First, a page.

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Phoebe Bridgers “Punisher” Album Review

Phoebe Bridgers is the poetic and sarcastic indie folk musician whose songwriting abilities have garnered comparisons to the likes of Joni Mitchell and Bob Dylan. Her debut album “Stranger in the Alps” was dubbed “an emo-folk masterpiece” by Rolling Stone in 2018, and her sophomore album “Punisher” is an instant bleak and fatalistic classic.

“Punisher” was originally slated to be released on June 19, but Bridgers decided to put it out a day early, stating on her Instagram that she wouldn’t be postponing the release. With the fragile state of the world with COVID-19 and the murders of George Floyd and Breonna Taylor, having music and art as a release is incredibly necessary, and this album is a smorgasbord of sorrowful, sarcastic tunes with Bridgers attempting to make sense of the dark future that it feels like this generation is headed towards.

Bridgers’ enlists the help of frequent collaborators and bandmates from side projects on this album including Conor Oberst of Better Oblivion Community Center, and Lucy Dacus and Julien Baker of boygenius. Bridgers’ songwriting on this record was influenced lyrically by Joan Didion, and sonically by Elliott Smith and Jackson Browne. The sound on the album conjures up visceral pangs with lo-fi production on tracks like “Garden Song,” and heavy instrumentation on the track “Kyoto,” complete with mellotron, autoharp, twelve-string guitars and synthesizers.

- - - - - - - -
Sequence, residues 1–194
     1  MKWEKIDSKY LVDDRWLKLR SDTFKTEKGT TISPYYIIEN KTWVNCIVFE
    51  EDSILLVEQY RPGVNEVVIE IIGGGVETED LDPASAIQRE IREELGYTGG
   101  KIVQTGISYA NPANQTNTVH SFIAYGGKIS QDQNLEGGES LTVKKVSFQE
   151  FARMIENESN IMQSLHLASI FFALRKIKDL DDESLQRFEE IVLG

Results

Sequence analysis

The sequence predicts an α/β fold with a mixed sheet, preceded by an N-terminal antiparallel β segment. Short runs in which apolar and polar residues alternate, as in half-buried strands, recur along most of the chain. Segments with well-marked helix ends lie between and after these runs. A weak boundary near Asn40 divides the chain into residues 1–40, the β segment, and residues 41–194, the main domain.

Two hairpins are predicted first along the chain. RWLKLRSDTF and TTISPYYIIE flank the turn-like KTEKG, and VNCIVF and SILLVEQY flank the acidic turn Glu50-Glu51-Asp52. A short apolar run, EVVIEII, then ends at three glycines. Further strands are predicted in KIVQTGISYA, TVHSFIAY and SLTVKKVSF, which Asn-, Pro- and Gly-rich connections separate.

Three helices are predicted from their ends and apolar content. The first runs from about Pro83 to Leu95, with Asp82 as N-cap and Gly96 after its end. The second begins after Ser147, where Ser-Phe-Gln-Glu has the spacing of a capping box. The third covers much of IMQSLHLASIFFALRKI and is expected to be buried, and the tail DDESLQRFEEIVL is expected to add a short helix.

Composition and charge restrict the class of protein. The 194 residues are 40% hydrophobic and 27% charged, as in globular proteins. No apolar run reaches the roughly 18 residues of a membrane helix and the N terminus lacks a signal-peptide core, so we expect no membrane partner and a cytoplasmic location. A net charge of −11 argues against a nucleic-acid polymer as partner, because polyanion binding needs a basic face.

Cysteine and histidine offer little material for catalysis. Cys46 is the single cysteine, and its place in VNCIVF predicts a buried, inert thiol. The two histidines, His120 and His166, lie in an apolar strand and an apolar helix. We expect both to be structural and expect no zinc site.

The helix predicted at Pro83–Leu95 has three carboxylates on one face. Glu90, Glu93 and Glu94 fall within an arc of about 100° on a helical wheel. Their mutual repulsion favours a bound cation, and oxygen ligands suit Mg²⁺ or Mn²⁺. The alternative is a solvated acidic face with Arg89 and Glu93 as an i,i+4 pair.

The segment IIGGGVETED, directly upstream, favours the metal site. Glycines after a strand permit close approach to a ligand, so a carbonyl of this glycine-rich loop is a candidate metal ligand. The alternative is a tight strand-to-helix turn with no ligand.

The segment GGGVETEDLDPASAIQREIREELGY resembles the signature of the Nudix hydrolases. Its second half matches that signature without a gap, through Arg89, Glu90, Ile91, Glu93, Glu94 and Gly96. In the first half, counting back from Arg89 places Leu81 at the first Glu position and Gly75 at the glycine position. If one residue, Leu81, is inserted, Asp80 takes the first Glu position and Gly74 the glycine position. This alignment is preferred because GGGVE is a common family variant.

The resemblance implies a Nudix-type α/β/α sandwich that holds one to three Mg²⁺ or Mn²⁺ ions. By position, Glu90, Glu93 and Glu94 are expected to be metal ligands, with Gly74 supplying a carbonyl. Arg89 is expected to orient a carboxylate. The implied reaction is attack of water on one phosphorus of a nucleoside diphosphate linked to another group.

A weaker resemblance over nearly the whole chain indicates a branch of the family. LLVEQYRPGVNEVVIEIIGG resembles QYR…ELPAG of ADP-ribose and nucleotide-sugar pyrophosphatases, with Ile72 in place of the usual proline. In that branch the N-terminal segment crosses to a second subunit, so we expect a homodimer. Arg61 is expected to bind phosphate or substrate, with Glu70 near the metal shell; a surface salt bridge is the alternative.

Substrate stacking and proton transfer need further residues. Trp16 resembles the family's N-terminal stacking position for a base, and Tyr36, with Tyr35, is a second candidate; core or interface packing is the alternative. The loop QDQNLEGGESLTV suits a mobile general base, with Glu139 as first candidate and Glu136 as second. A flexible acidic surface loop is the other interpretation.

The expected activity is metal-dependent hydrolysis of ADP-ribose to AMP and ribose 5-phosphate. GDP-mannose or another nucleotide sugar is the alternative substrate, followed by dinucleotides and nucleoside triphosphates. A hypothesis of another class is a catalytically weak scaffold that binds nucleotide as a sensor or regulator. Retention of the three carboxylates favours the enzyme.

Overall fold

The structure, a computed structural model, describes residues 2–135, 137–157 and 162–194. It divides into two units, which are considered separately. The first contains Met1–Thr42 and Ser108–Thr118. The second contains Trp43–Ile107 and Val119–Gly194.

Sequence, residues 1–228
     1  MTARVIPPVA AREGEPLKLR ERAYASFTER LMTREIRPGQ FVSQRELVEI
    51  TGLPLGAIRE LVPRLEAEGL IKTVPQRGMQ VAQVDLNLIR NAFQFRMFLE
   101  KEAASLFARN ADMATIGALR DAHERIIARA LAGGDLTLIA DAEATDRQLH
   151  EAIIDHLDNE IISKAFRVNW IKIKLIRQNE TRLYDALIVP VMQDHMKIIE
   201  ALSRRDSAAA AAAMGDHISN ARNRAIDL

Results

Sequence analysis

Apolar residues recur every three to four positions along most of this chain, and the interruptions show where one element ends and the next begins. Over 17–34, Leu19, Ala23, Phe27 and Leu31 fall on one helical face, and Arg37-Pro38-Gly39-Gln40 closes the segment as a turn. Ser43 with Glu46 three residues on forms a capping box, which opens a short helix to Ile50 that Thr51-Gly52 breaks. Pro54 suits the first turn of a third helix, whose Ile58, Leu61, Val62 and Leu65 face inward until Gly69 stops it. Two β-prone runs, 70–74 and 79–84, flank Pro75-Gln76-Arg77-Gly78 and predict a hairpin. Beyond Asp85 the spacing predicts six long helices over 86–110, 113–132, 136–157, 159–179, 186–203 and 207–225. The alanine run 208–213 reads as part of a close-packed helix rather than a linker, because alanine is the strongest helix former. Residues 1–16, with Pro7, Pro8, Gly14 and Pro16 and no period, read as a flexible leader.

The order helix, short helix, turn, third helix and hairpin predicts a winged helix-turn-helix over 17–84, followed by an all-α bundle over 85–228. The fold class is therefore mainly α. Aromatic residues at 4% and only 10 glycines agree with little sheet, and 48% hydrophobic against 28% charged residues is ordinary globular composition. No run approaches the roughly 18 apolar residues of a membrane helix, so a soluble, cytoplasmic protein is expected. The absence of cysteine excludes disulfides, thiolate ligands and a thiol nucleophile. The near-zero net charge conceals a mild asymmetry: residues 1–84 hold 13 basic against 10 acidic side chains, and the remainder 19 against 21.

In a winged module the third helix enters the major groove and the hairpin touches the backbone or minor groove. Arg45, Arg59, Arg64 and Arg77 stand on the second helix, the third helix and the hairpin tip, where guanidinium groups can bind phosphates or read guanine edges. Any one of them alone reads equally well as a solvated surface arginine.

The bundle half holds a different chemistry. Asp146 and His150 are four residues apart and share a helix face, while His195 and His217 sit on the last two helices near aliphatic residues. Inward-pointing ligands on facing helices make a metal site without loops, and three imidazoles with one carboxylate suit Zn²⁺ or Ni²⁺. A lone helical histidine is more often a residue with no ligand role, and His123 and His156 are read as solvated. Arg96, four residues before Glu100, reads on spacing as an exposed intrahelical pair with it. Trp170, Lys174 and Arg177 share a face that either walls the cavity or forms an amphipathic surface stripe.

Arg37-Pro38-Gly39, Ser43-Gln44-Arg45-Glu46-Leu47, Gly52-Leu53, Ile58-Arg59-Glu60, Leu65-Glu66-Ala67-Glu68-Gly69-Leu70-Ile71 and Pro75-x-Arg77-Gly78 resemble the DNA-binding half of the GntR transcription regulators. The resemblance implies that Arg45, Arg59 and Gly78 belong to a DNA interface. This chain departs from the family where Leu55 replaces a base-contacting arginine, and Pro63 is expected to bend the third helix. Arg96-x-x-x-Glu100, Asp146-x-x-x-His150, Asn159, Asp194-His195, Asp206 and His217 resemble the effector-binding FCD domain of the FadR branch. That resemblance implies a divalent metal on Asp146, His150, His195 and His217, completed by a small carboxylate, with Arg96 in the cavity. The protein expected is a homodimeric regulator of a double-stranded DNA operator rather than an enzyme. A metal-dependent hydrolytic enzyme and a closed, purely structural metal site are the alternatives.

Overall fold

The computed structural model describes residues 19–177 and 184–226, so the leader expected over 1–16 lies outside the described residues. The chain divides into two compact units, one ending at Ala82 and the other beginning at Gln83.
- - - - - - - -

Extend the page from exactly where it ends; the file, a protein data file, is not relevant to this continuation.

Bridgers’ dejected and cynical lyrical overtones are the most transparent on dystopian folk-pop tracks like “Halloween” a song about an ill-fated romance that closes out with a duet between Bridgers’ and Conor Oberst repeating the same couplets as they sing of inevitable doom (“Baby it’s Halloween/I’ll be whatever you want”). “Chinese Satellite” is about her nihilistic view of life and a lack of faith in the world or in herself (“I want to believe/Instead, I look at the sky and I feel nothing/You know I hate to be alone/I want to be wrong”).

“Punisher,” “Moon Song,” and “Savior Complex” all find Bridgers dealing with her nurturing instincts getting the best of her as she grapples with the pain of caring too much for somebody with self-destructive tendencies and low self-esteem who cannot reciprocate, which ends up draining her of all her energy. The lilting, emotional folk track “Graceland Too” contains a banjo, a fiddle, and ethereal background vocals by Julien Baker and Lucy Dacus.

The album comes to a close with “I Know the End,” with Bridgers making peace with the uncertainty of her future and the world coming to an end (“A slaughterhouse, an outlet mall/Slot machines, fear of God/Windows down, heater on/Big bolts of lightning hanging low”). The final instrumentation mirrors the album’s intro and builds until it reaches an orchestral climax with strings, primal animalistic hissing and guttural screaming reminiscent of an apocalyptic horror film score.

“Punisher” is an amalgamation of emotional highs and lows and dry lyrical wisecracks that paint a picture of a world in decay. What’s even more impressive is that Bridgers manages to make the listener laugh at the same time as she spits out lyrical prose that comes as a visceral punch to the gut.

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